A 74-year-old woman was intubated for status epilepticus. The patient was ventilated using PRVC as the mode of MV, with a Vt of 400 mL and a PEEP of 5 mm Hg, which did not vary during the period of measurements. The chest radiograph findings were normal on day 1 and progressed to poor inspiration with bilateral atelectasis on day 4. The initial diaphragm thickness was 1.2 mm, which decreased to 1.0 mm at a rate of 0.1 mm/d over 3 days. The patient was extubated on day 4 of MV.

Patient 6

A 51-year-old man with a history of HIV, polysubstance abuse, and cardiomyopathy was admitted for hypoxemic respiratory failure due to Pneumocystis jiroveci pneumonia. The patient was ventilated using PRVC as the mode of MV, with a Vt of 480 mL and a PEEP of 12 mm Hg, which did not vary during the period of measurements. The chest radiograph findings varied from bilateral airspace opacities, right greater than left, concerning for multifocal pneumonia on day 1 to worsening multifocal pneumonia with ground-glass opacities on day 6. The initial diaphragm thickness was 2.3 mm, which decreased to 2.0 mm at a rate of 0.02 mm/d over 5 days. The patient died on day 6 of MV.

Patient 7

A 92-year-old man was intubated for pneumonia. The patient was ventilated using PRVC as the mode of MV, with a Vt of 400 mL and a PEEP of 5 mm Hg, which did not vary during the period of measurements. The chest radiograph findings varied from bilateral pleural effusions with atelectasis and opacities on day 1 to stable bilateral pleural effusions and atelectasis on day 4. The initial diaphragm thickness was 3.8 mm, which decreased to 2.2 mm at a rate of 0.8 mm/d over 3 days. The patient was extubated on day 4 of MV.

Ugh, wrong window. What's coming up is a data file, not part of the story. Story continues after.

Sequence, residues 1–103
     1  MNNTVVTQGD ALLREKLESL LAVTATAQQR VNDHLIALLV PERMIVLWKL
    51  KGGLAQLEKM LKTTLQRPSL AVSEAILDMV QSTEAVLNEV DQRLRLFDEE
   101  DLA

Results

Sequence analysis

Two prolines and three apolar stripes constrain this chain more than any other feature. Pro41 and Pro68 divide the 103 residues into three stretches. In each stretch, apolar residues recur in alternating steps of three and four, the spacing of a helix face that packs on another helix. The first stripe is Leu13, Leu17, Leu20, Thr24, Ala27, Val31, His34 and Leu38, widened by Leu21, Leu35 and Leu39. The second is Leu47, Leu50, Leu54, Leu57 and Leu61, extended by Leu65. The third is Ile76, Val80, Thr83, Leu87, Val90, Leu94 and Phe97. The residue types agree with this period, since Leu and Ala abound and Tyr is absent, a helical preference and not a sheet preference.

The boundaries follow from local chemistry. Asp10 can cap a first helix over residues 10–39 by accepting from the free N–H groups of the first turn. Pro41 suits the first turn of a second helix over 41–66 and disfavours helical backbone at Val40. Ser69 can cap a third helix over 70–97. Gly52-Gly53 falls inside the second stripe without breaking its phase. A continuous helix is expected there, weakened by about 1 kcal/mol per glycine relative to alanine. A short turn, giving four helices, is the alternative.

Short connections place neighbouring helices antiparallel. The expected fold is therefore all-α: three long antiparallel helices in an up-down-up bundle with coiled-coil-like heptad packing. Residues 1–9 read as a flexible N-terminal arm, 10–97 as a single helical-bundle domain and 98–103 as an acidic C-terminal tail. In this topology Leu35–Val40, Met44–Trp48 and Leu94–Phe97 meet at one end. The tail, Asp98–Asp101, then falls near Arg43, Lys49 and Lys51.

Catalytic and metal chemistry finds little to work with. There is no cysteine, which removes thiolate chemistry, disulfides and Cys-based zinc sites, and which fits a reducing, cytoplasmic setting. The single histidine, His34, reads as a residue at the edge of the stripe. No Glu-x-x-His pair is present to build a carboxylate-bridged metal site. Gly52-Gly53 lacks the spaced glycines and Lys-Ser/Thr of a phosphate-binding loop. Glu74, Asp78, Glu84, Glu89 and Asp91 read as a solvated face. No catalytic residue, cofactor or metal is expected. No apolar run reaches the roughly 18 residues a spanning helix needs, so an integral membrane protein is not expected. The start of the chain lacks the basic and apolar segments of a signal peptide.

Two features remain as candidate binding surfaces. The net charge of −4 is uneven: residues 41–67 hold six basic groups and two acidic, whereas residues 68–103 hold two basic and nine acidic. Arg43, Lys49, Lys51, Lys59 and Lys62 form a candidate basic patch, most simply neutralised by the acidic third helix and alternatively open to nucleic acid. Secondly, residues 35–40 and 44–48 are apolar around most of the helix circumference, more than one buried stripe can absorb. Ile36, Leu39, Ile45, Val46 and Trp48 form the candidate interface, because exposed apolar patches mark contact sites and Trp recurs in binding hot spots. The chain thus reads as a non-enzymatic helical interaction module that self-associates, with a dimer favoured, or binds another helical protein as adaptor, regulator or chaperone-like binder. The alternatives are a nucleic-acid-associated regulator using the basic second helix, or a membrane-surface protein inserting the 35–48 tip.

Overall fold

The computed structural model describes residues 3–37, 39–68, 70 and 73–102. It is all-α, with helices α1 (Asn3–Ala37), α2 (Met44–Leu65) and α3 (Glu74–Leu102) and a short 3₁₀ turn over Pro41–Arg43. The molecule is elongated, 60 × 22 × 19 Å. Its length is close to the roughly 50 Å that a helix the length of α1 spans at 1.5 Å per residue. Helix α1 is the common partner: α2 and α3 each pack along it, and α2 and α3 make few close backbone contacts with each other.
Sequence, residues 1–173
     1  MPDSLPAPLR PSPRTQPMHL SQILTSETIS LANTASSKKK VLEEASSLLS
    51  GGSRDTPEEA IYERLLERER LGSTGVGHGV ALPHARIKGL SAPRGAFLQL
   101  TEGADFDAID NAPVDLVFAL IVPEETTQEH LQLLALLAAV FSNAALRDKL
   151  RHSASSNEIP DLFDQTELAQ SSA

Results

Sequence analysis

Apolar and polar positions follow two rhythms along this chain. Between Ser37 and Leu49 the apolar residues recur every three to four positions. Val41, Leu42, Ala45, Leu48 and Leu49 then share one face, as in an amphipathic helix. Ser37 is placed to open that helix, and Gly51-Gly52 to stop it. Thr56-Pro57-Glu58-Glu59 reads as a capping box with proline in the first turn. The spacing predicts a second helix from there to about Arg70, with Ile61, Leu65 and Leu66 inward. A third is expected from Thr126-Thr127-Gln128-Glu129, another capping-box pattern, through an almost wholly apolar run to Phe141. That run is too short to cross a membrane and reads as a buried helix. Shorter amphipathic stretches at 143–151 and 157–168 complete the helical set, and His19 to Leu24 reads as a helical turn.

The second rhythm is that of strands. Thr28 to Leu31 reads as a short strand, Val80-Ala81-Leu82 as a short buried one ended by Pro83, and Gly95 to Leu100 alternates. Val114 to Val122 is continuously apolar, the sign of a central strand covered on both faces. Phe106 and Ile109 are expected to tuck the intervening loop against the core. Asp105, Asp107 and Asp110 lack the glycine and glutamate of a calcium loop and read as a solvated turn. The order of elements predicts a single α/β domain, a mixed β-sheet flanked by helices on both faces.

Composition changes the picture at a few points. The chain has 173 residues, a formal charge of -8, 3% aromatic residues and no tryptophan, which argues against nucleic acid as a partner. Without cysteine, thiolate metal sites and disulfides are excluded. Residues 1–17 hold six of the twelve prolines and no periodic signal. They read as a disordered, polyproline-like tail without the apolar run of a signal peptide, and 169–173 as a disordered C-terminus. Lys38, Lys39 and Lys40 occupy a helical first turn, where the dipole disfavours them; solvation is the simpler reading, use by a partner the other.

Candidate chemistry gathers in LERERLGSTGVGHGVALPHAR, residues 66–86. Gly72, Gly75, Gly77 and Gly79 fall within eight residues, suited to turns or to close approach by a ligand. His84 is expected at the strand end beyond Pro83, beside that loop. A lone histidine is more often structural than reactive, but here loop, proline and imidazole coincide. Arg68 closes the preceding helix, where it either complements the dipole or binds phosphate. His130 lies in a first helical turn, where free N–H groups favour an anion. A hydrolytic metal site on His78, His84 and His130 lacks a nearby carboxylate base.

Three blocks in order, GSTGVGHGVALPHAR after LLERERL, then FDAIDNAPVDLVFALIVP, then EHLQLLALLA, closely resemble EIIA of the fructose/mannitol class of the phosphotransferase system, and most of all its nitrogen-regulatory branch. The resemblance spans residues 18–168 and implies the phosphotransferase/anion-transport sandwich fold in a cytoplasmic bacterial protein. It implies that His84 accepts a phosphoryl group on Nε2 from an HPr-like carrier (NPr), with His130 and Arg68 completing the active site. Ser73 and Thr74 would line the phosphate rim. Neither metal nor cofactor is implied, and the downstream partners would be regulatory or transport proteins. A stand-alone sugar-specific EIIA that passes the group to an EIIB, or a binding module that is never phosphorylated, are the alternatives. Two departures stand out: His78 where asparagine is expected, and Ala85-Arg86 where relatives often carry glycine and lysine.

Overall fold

Diaphragm muscle strength has been demonstrated using functional, physiologic, and anatomic methods. Functional measurement includes inspiratory and expiratory pressure differences generated by patients breathing against a closed valve; however, this measurement is effort dependent and poorly reproducible, particularly in intubated, critically ill patients. Esophageal and gastric balloons with pressure transducers can also be used to calculate transdiaphragmatic pressures by subtracting the esophageal pressure from the gastric pressure correlating with diaphragmatic strength. Another method is the maximal sniff transdiaphragmatic pressure. This is used as the volitional indicator of diaphragm strength. These measurements, however, depend on effort and are poorly reproducible. As such, there is currently no simple and reproducible method to measure diaphragm muscle strength (force-generating capacity).

This longitudinal observational study using serial ultrasound measurements of the diaphragm showed that diaphragmatic thickness can be measured easily using ultrasonography shortly after endotracheal intubation. Furthermore, we observed that thinning begins within 48 h of the initiation of MV decrease, and occurs linearly over the subsequent time period. It remains unclear if this thinning correlates directly with diaphragmatic strength.

The methods commonly employed to diagnose diaphragmatic atrophy, such as esophageal and gastric balloons, phrenic nerve stimulation, and diaphragmatic biopsy, are either invasive or limited to nonintubated patients. In our study, two-dimensional B-mode ultrasound measurements provided a simple, noninvasive assessment of diaphragmatic thickness and the degree of thinning. Sitting up the patients was relatively easy, with no untoward effects. Additionally, by using two operators, the test could be done quickly, in approximately 4 to 5 min.

Our data agree with data from animal studies, in which diaphragm inactivity with controlled MV has been shown to produce myofibril damage that contributes to the reduction in diaphragmatic force over time. In these studies, the force reduction was measured and calculated using transdiaphragmatic pressure generation during phrenic nerve stimulation.11